Workplace initiatives to enhance diversity and inclusion give companies a competitive advantage, says D&I expert Kim Drumgo, who guides employers in undertaking such efforts.
Kim Drumgo, director of diversity and inclusion (D&I) for the American Institute of Certified Public Accountants (AICPA), helps companies start and support their own D&I initiatives. She was a featured participant in a workshop at HFMA’s Annual Conference.
In this Q&A, conducted before the conference, Drumgo (pictured at right) shares insights as to how companies can reap the benefits of D&I strategies.
Q: Tell us a little bit about your background in diversity and inclusion.
A: I began my career as a consultant with Anderson Consulting, where I focused on projects such as change management and business process reengineering. I later moved on to a small consulting firm and subsequently landed a job at a health insurance company as a project manager in their technical area
While I was a project manager, I was asked to participate in a D&I council at a health insurance organization. After my first meeting, I felt the fire in my belly, and I absolutely wanted to do more to support D&I.
I felt very clearly that organizations were thinking about D&I in terms of meeting quotas, with an emphasis on doing the right thing, but after our first few meetings, we all began to see very clearly where D&I is more of a competitive advantage. Since then, I’ve been the leader of two D&I efforts in two different organizations.
Now, I’m in the accounting profession with the AICPA. I believe that regardless of the industry, the benefits of D&I are so very clear in that you get the best out of your customers or clients when your employees feel valued and welcomed in your organization. Given the evolution of our country’s demographics, our clients and customers are from a vast array of backgrounds, and therefore our employees should be as well. That’s really what gives us the competitive advantage.
Q: What are some of the benefits to companies of providing more diverse and inclusive workplaces?
A: As I mentioned, it brings forth the competitive advantage. D&I really embraces innovation as well. The magnitude of perspectives that a diverse team can provide can have a great impact on the organization’s ability to visualize and achieve innovative results
I have worked on many diverse teams, and it really brings forth better solutions. I remember working on one of my IT teams and recognizing that all of us had very different backgrounds and different education. The way we got to the organization was different and our ethnicities were different, but we came up with some of the best solutions for the project that we were working on.
I reflect on that experience quite a bit because I can see where if I’m on teams and all of us are coming from the same background or all of us know the topic very well, we tend to go to the same solution, right? We get caught up in that groupthink. With diversity and inclusion, you can certainly break the groupthink by bringing in people who are different from you to help you analyze your solutions and ideas in a different way.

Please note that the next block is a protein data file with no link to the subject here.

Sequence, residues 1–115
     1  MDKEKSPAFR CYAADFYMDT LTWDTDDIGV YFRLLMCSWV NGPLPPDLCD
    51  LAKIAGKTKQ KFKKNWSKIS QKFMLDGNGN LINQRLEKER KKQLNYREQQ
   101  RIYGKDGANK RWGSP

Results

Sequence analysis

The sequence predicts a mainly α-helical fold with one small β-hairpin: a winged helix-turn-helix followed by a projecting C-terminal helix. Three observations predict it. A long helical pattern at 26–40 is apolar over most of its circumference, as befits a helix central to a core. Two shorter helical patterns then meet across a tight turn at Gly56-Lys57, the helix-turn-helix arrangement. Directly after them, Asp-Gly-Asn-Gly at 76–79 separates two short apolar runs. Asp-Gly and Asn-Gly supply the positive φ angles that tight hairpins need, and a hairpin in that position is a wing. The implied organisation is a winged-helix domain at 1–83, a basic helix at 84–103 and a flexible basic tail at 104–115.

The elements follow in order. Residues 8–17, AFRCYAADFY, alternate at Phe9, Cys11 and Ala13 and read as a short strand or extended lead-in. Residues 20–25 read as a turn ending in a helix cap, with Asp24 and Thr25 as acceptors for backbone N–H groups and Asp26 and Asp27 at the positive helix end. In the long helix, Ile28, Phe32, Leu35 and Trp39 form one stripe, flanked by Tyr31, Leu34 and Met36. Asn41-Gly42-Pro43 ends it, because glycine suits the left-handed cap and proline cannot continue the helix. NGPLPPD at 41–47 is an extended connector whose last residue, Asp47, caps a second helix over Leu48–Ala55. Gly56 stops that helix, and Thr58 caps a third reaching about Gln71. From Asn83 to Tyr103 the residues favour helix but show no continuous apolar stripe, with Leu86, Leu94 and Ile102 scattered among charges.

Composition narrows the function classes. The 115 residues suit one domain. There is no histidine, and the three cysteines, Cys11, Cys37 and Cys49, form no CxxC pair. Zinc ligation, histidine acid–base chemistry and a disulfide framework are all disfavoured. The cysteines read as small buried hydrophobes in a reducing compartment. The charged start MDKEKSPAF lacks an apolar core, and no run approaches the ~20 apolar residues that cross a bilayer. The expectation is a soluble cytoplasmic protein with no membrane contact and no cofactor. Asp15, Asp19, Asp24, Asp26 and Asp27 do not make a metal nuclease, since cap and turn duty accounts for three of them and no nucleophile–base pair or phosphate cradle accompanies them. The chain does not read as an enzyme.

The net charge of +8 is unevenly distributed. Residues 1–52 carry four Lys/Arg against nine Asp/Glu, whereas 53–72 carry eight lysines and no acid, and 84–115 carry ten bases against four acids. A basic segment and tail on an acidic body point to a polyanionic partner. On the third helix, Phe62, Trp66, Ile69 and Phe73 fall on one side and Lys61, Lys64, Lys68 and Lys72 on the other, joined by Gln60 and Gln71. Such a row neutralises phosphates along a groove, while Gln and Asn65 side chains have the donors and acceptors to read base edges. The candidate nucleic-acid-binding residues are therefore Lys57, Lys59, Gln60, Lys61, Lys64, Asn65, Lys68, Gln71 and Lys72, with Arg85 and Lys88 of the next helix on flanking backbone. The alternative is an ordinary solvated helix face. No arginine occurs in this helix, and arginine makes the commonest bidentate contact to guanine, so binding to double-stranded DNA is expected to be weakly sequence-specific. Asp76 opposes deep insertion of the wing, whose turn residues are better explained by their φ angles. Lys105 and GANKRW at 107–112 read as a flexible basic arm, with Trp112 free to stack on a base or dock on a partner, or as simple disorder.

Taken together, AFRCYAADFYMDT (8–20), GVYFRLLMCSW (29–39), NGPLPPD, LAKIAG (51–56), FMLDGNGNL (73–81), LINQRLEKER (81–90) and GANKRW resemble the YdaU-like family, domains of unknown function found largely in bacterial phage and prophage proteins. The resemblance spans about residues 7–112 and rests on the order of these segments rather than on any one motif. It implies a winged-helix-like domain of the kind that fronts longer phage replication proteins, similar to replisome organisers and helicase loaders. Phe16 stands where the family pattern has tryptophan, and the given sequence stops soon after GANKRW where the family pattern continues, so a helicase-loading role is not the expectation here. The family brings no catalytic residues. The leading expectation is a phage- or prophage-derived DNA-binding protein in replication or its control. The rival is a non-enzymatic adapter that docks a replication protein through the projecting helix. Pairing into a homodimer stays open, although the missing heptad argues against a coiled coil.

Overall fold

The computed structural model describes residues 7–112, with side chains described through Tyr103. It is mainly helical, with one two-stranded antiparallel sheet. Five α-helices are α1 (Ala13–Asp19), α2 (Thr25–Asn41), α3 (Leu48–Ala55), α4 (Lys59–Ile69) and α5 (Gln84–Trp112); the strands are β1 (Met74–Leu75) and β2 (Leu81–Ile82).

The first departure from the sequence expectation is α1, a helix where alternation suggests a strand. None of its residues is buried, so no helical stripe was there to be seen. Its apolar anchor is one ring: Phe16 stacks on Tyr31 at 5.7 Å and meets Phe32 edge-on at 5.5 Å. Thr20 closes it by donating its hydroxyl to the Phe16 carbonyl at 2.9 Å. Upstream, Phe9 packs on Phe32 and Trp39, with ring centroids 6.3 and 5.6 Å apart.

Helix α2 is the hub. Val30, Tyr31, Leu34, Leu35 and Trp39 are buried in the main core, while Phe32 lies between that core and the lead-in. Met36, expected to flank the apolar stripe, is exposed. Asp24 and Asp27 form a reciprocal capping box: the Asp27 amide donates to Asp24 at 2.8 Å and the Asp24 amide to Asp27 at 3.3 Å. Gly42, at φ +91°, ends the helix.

We used to say that our workforce should reflect the demographics of our clients and the customers whom we serve. However, it’s inclusion and the feeling of belonging that we’ve been missing
I feel like diversity is about who we hire. Inclusion is how we put our diversity to work. Making sure we’re getting to better solutions, we’re creating productive teams and servicing our clients, those are the greatest benefits we can see in our work in D&I.
Q: What are some ways you coach companies to support D&I?
A: Companies should first assess where they are, and then ask themselves what more they can do to ensure that all employees feel valued and have a sense of belonging in their organizations. I believe that now more than ever, diversity leaders are spending time hosting conversations about differences across their organizations.
As a diversity leader, I see companies spending more time on understanding unconscious bias and how that plays out in our decision-making processes
We’re beginning to educate and facilitate skill development for leaders to be more intentional, and they’re more aware of the differences on their teams and are working to create an environment of belonging. The first thing I always coach companies to do is conduct a good analysis of their employee engagement data and to get a really good temperature check of where their employees are.
I’ve used these engagement survey data to set priorities for my initiatives, and they have certainly helped identify where to start and some things that we could definitely prioritize a little bit differently.
Q: What are some of the stumbling blocks that companies might run into when working on a D&I initiative?
A: There are a lot of stumbling blocks. The main one that I see companies running into is wanting to see results too quickly. Most CEOs, managing partners, and organizational leaders will provide money to their D&I leaders expecting to see a return on investment (ROI) within a year—or even a few months.
I always try to coach organizations and firms into understanding that D&I is not transactional, where you put money down and you get a product and you expect it to work immediately. D&I is more of a transformational process where organizations will see improvement only when it has been implemented—when the initiative has been implemented consistently across the organization, and it’s been sustained for a period of time.